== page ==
I had heard and indeed experienced for myself that colour was a harder medium to work in than black and white. Black and white allows the user to concentrate on form and light. With an added bonus of heavier post-processing potentially being applied, the black and white photographer can enable the viewer to be further removed from reality while at the same time maintain a degree of truthfulness because of the black and white medium’s fact-based traditions. Colour on the other hand is much more immediate and colour relationships have to be considered as well as other elements of a photograph. On top of this the viewer has a harder time decoding the photograph as they work out the photographer’s intentions in the colour medium. Therefore I found it useful to read a description about William Eggleston as an example of transcribing his own visceral world into a social document.

William Eggleston, Untitled (Memphis), 1970.
William Eggleston, Untitled (Memphis), 1970.

First I read the press release for Eggleston’s exhibition at the Museum of Modern Art in 1976 where he was the only photographer featured who used colour. What Szarkowski wrote in the press release concerning Eggleston’s use of colour seemed to correlate with a text I had been reading called ‘Towards a Philosophy of Photography’ by Vilém Flusser (2014). I had been recommended this text by my tutor to observe the discrepancies between black and white and then colour mediums. One thing I’d picked up on in both texts was how colour was intrinsically linked to the object. As Szarkowski puts it: ‘These photographers work not as if color were a separate problem to be resolved in isolation, “but rather as though the world it-self existed in color, as though the blue and the sky were one thing,”’ – (Szarkowski, 1976). As Vilém Flusser puts it: ‘The green of a photographed field, for example, is an image of the concept ‘green’, just as it occurs in chemical theory, and the camera (or rather the film inserted into it) is programmed to translate this concept into the image’ – (Flusser, 2014). What I gathered from these comments was that there is a code in colour photographs which make them translate as literal variations of the world once decoded by the viewer. Here the colour photograph seems at first glance to reflect the real world but in fact the viewer has to decode what they are seeing on the surface of the photograph in order to ‘get’ the colour concept. I had always thought of colour as a separate design element to be incorporated into the (colour) photograph but hadn’t seen it as something which couldn’t be dissociated from the object.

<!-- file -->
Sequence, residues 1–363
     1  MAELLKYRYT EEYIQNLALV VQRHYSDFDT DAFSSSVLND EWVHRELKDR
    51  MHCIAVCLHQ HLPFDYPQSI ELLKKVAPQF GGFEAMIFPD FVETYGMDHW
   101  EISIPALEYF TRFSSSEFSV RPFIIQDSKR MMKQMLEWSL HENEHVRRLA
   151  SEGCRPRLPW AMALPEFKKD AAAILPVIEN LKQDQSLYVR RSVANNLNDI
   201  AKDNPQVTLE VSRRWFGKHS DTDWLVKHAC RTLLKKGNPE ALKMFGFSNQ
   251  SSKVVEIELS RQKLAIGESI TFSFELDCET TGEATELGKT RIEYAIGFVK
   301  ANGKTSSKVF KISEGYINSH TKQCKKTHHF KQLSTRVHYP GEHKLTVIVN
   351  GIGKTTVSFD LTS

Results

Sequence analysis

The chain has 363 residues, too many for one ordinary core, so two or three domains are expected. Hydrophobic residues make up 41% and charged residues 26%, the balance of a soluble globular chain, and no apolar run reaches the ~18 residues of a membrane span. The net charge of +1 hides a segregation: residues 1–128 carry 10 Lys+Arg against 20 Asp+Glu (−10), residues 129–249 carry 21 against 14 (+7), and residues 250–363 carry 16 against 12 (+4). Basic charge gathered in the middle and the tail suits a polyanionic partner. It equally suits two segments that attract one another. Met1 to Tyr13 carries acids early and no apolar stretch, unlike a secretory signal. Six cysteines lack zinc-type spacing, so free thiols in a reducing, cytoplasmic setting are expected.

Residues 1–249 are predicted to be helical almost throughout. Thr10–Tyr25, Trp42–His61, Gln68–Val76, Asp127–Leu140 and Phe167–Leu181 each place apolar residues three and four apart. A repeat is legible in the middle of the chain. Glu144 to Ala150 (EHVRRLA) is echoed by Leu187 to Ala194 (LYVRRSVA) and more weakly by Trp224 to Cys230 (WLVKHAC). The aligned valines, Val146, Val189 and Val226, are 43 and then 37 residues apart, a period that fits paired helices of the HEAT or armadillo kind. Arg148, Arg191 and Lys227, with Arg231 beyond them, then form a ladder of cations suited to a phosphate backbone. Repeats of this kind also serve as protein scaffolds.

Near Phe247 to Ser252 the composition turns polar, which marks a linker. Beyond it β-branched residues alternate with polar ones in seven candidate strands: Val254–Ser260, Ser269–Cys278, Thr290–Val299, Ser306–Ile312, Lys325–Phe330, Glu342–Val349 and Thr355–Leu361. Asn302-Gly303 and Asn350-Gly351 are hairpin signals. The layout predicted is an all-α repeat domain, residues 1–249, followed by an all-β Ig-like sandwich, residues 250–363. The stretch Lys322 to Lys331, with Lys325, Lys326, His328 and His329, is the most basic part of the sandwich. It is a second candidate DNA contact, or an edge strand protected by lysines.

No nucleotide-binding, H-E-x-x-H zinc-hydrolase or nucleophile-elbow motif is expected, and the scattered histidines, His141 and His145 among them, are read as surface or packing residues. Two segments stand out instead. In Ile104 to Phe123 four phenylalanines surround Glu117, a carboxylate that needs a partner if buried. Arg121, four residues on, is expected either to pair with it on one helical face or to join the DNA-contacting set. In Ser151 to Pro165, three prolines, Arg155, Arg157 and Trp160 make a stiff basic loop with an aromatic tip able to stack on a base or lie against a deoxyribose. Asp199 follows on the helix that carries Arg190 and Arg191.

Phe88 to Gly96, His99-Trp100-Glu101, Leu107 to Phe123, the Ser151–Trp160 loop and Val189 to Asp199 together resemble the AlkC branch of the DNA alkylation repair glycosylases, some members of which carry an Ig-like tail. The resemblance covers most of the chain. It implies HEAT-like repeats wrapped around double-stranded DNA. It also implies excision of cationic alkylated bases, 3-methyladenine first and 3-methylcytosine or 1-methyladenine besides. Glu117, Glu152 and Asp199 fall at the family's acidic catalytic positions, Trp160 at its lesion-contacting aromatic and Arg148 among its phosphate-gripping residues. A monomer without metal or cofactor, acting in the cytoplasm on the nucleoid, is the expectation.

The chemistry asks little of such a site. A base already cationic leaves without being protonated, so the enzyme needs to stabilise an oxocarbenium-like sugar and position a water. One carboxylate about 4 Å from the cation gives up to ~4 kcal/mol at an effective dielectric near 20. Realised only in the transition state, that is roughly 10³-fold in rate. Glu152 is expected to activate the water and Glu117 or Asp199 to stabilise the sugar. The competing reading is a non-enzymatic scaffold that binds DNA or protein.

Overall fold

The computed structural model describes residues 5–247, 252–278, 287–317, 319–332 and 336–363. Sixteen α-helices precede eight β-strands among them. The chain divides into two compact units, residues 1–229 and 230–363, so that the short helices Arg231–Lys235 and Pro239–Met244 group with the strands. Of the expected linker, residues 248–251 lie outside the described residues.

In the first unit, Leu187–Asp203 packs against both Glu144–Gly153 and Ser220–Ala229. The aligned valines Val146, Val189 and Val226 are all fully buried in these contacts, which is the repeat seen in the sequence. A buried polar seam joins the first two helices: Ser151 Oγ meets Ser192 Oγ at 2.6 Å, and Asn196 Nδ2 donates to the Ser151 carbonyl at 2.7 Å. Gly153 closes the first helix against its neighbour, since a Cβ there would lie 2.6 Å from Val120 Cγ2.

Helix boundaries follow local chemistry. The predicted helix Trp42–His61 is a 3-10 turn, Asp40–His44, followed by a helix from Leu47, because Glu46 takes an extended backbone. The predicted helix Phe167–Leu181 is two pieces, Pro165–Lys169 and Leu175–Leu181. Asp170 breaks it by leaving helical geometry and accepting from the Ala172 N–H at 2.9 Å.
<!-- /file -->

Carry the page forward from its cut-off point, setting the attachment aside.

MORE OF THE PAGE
Szarkowski’s writing on Eggleston’s use of colour in the press release for MoMA’s 1976 exhibition also reminded me of an essay I’d previously come across by Thomas Weski (2009) entitled: ‘WILLIAM EGGLESTON: “The Tender-Cruel Camera”’ found on the website American Suburb X. Weski (2009) divulges Eggleston deliberately chose to employ a snapshot aesthetic to his colour images. He also: ’emphasizes hues that soak the scene or resonate in a critical way, virtually creating effects of sound, silence, smell, temperature, pressure–sensations that black-and-white photography has yet to evoke.’ – (Weski, 2009). He accomplishes this by using the controversial dye-transfer technique to subtly add perceptions of atmosphere through the colour treatment. In combination with a centre-weighted composition where seemingly incidental details are included going towards the edge of the frame as well as the obvious in the centre, Eggleston’s photographs become a lot more meaningful than the snapshot aesthetic he models them on. I wasn’t sure how I’d implement this into my own photography but it did get me thinking that with colour photography at least it’s not so much how well the photograph is taken but how well it is conceptualised that creates an impact for the viewer. Also how it is processed and/or shared by the photographer for the viewer might also be of importance, for example Eggleston with his dye-transfer technique.

References:

Weski, T. (2009). WILLIAM EGGLESTON: “The Tender-Cruel Camera” – ASX | AMERICAN SUBURB X | Photography & Culture. [online] AMERICAN SUBURB X. Available at: http://www.americansuburbx.com/2009/01/theory-william-eggleston-tender-cruel.html [Accessed 27 May 2017].

Flusser, V. (2014). Towards a Philosophy of Photography. 3rd ed. London: Reaktion Books, p.43.

Szarkowski, J. (1976). Color Photographs by William Eggleston at the Museum of Modern Art. [Exhibition].